Pennsylvania's state-related and state-owned colleges will not see cuts to their commonwealth aid if the governor has anything to do with it.

In return, Gov. Tom Corbett says, he's asked for state-supported colleges and universities to keep their tuition increases as low as possible.

Last year, when lawmakers worked a similar deal with colleges and universities, the rule was to keep hikes within the rate of inflation -- about 3 percent.

Corbett says he's not drawing that kind of bottom line right now because too much is still unknown about revenues.

Sen. Jake Corman, the Senate Appropriations Committee chairman whose district includes Penn State's flagship campus, says he's hoping for tuition increases that are no bigger than the ones approved last year.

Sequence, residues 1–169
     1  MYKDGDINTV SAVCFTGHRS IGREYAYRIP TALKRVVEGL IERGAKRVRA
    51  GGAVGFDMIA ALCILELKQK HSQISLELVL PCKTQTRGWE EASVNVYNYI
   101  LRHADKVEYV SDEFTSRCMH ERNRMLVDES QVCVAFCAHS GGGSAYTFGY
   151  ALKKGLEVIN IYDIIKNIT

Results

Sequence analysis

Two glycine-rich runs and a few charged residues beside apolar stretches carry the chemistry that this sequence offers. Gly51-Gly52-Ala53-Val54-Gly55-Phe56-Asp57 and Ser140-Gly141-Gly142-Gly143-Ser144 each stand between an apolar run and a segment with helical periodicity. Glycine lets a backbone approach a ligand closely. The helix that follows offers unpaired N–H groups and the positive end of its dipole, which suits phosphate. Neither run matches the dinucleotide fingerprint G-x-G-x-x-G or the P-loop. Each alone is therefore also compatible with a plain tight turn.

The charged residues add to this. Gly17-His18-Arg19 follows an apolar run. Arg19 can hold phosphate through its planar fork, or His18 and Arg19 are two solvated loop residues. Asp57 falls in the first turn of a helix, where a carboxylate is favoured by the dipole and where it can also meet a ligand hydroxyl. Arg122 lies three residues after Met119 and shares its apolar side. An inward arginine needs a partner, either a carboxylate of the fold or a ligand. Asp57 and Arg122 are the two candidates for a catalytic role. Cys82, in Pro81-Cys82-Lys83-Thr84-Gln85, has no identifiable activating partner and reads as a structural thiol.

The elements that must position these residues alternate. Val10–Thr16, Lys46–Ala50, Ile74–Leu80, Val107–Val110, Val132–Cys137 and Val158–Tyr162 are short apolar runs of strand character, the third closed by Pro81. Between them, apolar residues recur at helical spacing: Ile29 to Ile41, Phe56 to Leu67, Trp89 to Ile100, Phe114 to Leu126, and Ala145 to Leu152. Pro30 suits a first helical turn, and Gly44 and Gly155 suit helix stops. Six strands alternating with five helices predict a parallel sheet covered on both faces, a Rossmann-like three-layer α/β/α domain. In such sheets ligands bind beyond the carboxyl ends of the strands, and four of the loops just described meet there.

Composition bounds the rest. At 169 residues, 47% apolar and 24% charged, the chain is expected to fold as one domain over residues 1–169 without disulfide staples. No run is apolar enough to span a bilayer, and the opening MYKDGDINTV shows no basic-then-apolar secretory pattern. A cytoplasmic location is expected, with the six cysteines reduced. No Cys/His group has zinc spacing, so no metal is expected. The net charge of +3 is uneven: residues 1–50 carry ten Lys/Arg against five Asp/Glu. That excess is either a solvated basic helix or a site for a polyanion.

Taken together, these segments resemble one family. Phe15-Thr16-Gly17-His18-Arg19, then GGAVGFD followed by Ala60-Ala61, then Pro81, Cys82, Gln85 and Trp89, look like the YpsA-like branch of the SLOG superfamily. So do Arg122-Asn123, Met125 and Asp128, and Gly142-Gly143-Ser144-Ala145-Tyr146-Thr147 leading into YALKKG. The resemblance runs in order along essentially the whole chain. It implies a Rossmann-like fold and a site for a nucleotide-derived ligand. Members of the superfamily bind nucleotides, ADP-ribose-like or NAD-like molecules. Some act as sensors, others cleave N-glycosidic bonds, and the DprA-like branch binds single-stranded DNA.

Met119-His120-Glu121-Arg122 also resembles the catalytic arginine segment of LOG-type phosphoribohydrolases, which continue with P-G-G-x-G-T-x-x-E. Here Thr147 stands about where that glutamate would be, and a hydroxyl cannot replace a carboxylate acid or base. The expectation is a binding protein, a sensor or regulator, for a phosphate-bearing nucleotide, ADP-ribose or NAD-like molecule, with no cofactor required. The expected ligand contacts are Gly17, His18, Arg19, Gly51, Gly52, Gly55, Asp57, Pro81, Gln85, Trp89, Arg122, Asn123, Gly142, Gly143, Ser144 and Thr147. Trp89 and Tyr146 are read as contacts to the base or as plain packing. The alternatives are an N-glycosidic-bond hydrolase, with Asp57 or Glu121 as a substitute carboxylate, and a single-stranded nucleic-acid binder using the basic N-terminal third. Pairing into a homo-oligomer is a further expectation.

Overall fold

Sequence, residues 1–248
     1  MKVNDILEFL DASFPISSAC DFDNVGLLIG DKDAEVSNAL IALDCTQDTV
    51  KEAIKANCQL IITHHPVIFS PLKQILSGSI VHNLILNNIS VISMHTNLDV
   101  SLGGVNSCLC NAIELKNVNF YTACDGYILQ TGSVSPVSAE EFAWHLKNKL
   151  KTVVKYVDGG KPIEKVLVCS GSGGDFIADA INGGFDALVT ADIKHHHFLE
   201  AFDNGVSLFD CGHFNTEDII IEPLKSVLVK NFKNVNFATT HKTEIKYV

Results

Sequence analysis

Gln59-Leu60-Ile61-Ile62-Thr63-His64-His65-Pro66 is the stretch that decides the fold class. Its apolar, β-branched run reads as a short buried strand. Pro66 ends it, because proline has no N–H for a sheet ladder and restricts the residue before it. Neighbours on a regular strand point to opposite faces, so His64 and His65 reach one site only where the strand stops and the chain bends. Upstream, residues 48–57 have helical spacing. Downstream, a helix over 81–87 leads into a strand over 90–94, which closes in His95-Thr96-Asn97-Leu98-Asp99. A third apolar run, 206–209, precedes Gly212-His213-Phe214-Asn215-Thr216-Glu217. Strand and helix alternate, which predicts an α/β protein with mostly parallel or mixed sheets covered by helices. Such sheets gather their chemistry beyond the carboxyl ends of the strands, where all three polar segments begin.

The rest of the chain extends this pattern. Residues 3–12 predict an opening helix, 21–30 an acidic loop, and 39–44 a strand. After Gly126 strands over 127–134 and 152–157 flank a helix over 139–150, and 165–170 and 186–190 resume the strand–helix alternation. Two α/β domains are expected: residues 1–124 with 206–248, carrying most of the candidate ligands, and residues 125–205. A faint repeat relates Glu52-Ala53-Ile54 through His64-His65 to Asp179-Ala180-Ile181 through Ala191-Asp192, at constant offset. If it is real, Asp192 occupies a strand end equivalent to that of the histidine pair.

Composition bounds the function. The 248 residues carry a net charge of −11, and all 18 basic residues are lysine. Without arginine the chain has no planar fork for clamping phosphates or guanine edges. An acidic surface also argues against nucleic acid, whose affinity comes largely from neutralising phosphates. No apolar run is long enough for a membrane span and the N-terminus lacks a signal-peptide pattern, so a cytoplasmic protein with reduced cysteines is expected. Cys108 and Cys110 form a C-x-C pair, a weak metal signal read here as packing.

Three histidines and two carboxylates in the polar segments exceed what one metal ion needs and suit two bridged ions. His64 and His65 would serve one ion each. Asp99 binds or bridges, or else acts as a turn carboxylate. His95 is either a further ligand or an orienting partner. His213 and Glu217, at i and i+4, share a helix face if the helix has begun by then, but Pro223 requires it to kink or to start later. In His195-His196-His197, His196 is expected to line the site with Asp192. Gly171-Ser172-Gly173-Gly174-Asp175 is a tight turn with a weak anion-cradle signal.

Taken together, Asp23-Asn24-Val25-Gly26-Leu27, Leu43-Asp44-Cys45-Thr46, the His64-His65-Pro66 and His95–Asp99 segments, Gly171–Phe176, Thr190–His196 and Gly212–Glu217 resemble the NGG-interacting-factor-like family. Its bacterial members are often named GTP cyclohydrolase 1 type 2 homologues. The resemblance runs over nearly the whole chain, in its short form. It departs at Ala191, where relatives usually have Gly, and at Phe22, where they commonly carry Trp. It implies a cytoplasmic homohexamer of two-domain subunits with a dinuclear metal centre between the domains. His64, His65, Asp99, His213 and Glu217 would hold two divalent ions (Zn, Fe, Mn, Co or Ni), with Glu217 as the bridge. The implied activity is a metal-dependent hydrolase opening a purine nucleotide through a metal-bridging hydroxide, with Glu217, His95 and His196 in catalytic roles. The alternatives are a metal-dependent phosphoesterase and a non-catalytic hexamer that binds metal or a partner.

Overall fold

"Look, they're going to do the best they can," said Corman, R-Jefferson. "I believe their commitment is to do that."

A year ago in his budget address, the governor proposed cutting state aid to higher education by 20 to 30 percent.

Corman says improving revenue projections allowed the governor to eventually agree to flat-fund higher education.

Corbett will present his budget address Tuesday.